For the first time, CCRB will be able to independently prosecute its substantiated cases within the NYPD’s internal system

City Council Speaker Christine C. Quinn, Mayor Michael R. Bloomberg, Police Commissioner Raymond W. Kelly and Civilian Complaint Review Board (CCRB) Chair Daniel D. Chu today announced an agreement that will bring increased transparency and independence to the review of alleged police misconduct by giving prosecutorial authority to the CCRB. Currently, civilian complaints of police misconduct that are made to Civilian Complaint Review Board are investigated by the board and if substantiated, referred to the NYPD for prosecution.

Today’s announcement follows extensive deliberations between the Council, NYPD and Bloomberg Administration. Council Member Daniel Garodnick introduced legislation calling for giving CCRB prosecutorial authority in 2010.

“This delegation of authority to CCRB will provide significant improvement in police accountability and transparency in the civilian complaint review process. I am certain it will also increase public confidence in the system. The public needs to know that when they file a legitimate, serious complaint it will undergo an appropriate process of review and – if substantiated – prosecution,” stated Speaker Quinn.

Under this agreement, the NYPD and the CCRB will enter into a Memorandum of Understanding under which the CCRB will be granted authority to prosecute substantiated cases of misconduct by police officers. These will include cases of excessive or unnecessary force, abuse of authority, discourtesy or the use of offensive language.

The MOU further provides that, in all cases substantiated by CCRB in which charges and specifications are recommended, CCRB’s Administrative Prosecution Unit (“APU”) is empowered both to prosecute and plea bargain the case.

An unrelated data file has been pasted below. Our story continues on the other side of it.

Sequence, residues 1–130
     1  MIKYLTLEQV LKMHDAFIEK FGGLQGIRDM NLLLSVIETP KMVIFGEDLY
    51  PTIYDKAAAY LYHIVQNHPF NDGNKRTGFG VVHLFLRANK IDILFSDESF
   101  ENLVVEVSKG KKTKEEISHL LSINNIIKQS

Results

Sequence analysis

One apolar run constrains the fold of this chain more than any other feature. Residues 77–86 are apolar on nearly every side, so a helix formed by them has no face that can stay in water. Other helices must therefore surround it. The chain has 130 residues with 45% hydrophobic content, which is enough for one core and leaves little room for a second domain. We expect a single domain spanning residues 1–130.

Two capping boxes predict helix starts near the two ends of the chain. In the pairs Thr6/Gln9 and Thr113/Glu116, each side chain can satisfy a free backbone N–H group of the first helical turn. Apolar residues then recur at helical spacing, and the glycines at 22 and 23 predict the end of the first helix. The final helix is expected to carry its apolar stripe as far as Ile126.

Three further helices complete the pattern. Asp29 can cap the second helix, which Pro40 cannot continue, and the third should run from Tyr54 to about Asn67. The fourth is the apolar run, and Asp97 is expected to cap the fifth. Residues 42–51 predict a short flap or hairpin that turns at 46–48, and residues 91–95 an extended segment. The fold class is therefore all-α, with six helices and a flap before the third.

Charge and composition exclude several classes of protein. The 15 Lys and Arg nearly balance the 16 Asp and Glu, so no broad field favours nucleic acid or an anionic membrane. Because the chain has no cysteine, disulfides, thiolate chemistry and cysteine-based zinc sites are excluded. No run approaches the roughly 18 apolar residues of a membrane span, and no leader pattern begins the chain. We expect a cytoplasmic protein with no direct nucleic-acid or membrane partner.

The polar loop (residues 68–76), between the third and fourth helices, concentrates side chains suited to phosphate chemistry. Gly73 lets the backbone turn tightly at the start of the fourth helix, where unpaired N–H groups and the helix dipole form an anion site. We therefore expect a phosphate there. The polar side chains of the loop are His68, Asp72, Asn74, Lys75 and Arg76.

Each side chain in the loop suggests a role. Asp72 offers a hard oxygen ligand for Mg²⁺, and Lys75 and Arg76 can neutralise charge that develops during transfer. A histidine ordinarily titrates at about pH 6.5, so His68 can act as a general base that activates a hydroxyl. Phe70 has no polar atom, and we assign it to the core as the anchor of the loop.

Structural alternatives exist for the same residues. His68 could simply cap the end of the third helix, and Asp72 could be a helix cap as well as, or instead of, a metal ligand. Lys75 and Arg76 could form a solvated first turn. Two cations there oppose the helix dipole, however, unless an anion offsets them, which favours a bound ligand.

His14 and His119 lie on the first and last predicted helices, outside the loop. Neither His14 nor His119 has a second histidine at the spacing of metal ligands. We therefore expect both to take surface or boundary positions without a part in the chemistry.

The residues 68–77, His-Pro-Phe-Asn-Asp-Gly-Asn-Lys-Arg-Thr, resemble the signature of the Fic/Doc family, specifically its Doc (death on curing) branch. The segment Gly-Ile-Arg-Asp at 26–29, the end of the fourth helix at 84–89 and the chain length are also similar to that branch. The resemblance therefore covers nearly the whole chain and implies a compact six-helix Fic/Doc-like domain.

In very limited circumstances, the Police Commissioner would be able to exercise discretion and stop a case from moving forward, but only with a detailed explanation as to why. Specifically, the Police Commissioner may remove CCRB’s authority to prosecute such cases only where there is an ongoing parallel or criminal investigation against the officer or where the officer has neither a disciplinary record nor any substantiated CCRB complaints.

Additionally, in any substantiated CCRB case where the Police Commissioner intends to impose a lower level of discipline than that recommended by CCRB or a Deputy Commissioner of Trials, the Police Commissioner will be required to provide a detailed explanation of his reasons for doing so.

“Today’s agreement builds on the cooperative relationship between the NYPD and CCRB that began with a successful pilot program in the prosecution of substantiated cases,” Police Commissioner Kelly.